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Gallstones

In medicine gallstones (choleliths) are crystalline bodies formed within the body by accretion or concretion of normal or abnormal bile components. They commonly contain lumps of cholesterol-like (fatty) material that has solidified and hardened. It is connected to the liver and the intestine by a series of small tubes, or ducts. Bile is a watery liquid made by the cells of the liver that is important for digesting food in the intestine, particularly fat. But some people with gallstones will have a gallbladder attack that can cause symptoms such as nausea and an intense, steady ache in their upper middle or upper right abdomen. The bile then flows within the intrahepatic bile ducts out of the liver and into the extrahepatic bile ducts-first into the hepatic bile ducts, then into the common hepatic duct, and finally into the common bile duct. Most gallstones are made up of cholesterol , chalk (calcium carbonate), calcium bilirubinate, or a mixture of these. They are more likely to occur if the composition of the bile is abnormal, if the outlet from the gallbladder is blocked or has a local infection, or if there is a family history of gallstones. Gallstones affect as many as one in 12 Americans. You're at greater risk of developing gallstones if you're older, female or overweight. Rapid weight loss or eating a very low calorie diet also can put you at risk of gallstones. Complications from gallstones can be serious, and even fatal, if left untreated. Fortunately, treatment is usually straightforward, and newer techniques often allow faster recovery time.

The gallbladder is a small sac lying on the underside of the liver. Gallstones form when substances in the bile, primarily cholesterol and bile pigments, form hard, crystal-like particles. Cholesterol stones are usually white or yellow in color and account for about 80 percent of gallstones. Pigment stones are small, dark stones made of bilirubin and calcium salts that are found in bile. Risk factors for pigment stones include cirrhosis, biliary tract infections, and hereditary blood cell disorders, such as sickle cell anemia. Stones of mixed origin also occur. They are more common in women than in men and about 1 in 10 older adults have gallstones. Stones that continue to block the drainage of bile can cause inflammation or infection of the gall bladder and bile ducts, jaundice and acute pancreatitis . Gallstones vary in size and may be as small as a grain of sand or as large as a golf ball. During a meal, the muscle that makes up the wall of the gallbladder contracts and squeezes the concentrated bile in the gallbladder back through the cystic duct into the common duct and then into the intestine. Gallstones usually form in the gallbladder; however, they also may form anywhere there is bile--in the intrahepatic, hepatic, common bile, and cystic ducts. Gallstones also may move about within bile, for example, from the gallbladder into the cystic or common duct.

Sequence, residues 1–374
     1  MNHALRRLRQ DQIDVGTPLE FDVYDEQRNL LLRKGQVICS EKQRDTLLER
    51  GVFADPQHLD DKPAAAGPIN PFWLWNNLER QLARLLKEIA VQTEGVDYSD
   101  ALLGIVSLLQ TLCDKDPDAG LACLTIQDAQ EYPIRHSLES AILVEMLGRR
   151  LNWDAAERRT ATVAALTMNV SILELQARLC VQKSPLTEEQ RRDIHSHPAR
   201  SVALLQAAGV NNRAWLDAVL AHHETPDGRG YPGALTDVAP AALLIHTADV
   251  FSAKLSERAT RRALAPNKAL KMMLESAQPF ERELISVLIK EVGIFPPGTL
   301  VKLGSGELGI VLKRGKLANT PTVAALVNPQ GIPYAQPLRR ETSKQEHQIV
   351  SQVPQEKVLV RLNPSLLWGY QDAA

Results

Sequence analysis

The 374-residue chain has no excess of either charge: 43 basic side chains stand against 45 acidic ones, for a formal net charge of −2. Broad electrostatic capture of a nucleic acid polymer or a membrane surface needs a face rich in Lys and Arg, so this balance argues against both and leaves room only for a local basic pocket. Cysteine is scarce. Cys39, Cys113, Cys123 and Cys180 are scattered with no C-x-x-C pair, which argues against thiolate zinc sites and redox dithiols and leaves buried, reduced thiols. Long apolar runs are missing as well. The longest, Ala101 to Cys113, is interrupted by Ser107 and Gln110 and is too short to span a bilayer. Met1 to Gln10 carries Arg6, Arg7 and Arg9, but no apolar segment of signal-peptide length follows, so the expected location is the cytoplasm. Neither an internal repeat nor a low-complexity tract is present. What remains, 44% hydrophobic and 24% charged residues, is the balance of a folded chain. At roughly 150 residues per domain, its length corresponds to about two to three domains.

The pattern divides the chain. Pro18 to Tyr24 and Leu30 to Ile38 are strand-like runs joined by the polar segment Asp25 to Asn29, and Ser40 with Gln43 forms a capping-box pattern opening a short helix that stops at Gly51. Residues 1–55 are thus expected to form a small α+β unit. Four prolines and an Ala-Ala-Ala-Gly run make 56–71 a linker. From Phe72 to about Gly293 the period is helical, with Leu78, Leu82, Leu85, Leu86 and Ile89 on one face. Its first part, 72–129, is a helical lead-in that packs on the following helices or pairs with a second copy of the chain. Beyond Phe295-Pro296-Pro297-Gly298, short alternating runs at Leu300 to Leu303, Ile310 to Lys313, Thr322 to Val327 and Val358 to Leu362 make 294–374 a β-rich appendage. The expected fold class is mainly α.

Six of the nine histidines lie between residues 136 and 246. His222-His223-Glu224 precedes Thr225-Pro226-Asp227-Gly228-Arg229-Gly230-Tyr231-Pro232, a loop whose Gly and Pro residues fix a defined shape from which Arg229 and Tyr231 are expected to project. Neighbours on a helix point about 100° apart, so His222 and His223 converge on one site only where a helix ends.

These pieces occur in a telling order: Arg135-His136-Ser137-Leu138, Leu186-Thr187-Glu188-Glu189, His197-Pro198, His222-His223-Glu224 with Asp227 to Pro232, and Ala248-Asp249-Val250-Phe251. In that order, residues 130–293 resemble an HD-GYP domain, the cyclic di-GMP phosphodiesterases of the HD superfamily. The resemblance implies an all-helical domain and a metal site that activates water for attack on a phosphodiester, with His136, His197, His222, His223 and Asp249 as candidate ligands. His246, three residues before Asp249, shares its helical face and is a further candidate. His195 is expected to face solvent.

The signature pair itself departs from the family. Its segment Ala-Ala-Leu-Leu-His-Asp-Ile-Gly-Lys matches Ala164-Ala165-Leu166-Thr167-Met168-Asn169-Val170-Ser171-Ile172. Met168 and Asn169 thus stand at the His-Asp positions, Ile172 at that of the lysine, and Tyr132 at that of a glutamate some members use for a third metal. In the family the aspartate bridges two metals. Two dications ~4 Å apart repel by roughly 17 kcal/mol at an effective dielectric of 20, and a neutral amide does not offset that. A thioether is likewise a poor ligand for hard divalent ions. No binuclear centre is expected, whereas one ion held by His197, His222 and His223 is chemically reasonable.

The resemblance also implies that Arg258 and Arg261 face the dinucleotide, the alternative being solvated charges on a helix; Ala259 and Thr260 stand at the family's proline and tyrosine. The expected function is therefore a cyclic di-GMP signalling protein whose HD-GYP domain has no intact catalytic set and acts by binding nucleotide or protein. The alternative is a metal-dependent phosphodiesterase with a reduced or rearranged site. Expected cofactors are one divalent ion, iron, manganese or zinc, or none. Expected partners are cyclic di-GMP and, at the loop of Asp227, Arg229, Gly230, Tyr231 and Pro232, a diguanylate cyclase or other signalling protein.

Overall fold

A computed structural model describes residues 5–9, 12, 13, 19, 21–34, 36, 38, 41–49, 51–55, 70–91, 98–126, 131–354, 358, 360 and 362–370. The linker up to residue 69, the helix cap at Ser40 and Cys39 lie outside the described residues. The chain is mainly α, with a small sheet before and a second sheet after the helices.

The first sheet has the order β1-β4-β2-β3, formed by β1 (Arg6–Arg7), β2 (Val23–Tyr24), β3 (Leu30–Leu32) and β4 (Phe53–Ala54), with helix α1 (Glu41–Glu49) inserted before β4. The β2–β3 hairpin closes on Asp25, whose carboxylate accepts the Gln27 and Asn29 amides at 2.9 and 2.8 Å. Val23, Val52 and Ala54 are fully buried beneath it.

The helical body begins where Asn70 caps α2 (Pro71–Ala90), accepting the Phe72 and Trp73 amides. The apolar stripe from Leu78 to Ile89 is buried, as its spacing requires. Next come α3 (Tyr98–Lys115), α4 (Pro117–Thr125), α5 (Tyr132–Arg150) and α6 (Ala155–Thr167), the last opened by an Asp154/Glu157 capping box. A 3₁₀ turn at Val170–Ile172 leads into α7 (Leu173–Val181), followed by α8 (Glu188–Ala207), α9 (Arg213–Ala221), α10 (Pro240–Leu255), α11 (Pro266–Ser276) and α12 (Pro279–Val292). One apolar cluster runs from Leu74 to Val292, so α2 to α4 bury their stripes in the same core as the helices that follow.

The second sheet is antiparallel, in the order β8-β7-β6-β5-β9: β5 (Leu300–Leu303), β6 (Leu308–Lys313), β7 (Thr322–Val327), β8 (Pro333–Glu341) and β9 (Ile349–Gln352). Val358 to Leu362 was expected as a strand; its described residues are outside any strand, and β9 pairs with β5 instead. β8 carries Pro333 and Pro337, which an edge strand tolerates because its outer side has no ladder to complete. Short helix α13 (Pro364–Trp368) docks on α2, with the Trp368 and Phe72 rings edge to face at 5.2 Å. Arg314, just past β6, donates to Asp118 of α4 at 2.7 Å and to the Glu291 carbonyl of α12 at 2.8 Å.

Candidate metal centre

Causes of Gallstones

The common Causes of Gallstones :

  • Contraction of the blocked gallbladder causes increased pressure, swelling, and, at times, infection of the gallbladder.
  • As the stones mix with liquid bile, they can block the outflow of bile from the gallbladder. They can also block outflow of digestive enzymes from the pancreas.
  • Liver disease that reduces the levels of bile salts.
  • This inflammation can cause destruction of the pancreas and severe abdominal pain .
  • Female sex
  • Being overweight
  • A genetic disorder featuring excessive cholesterol in the blood (hypercholesterolaemia)
  • Advancing age

Symptoms of Gallstones

Some Symptoms of Gallstones :

  • Chills
  • Intolerance for fatty or greasy foods
  • Fever
  • Nausea and vomiting
  • Dark urine
  • Jaundice (yellowing of the skin or the whites of the eyes)
  • Clay-colored stools
  • Indigestion, belching, bloating

Treatment of Gallstones

  • Symptomatic gallstones are best treated surgically, a procedure called Cholecystectomy or removal of gallbladder
  • Analgesics (painkillers) would be required
  • Drugs made from bile acid are used to dissolve the stones.
  • Asolution injected into the gallbladder to dissolve stones.
  • An experimental procedure that involves injecting a drug directly into the gallbladder to dissolve the stones.

 


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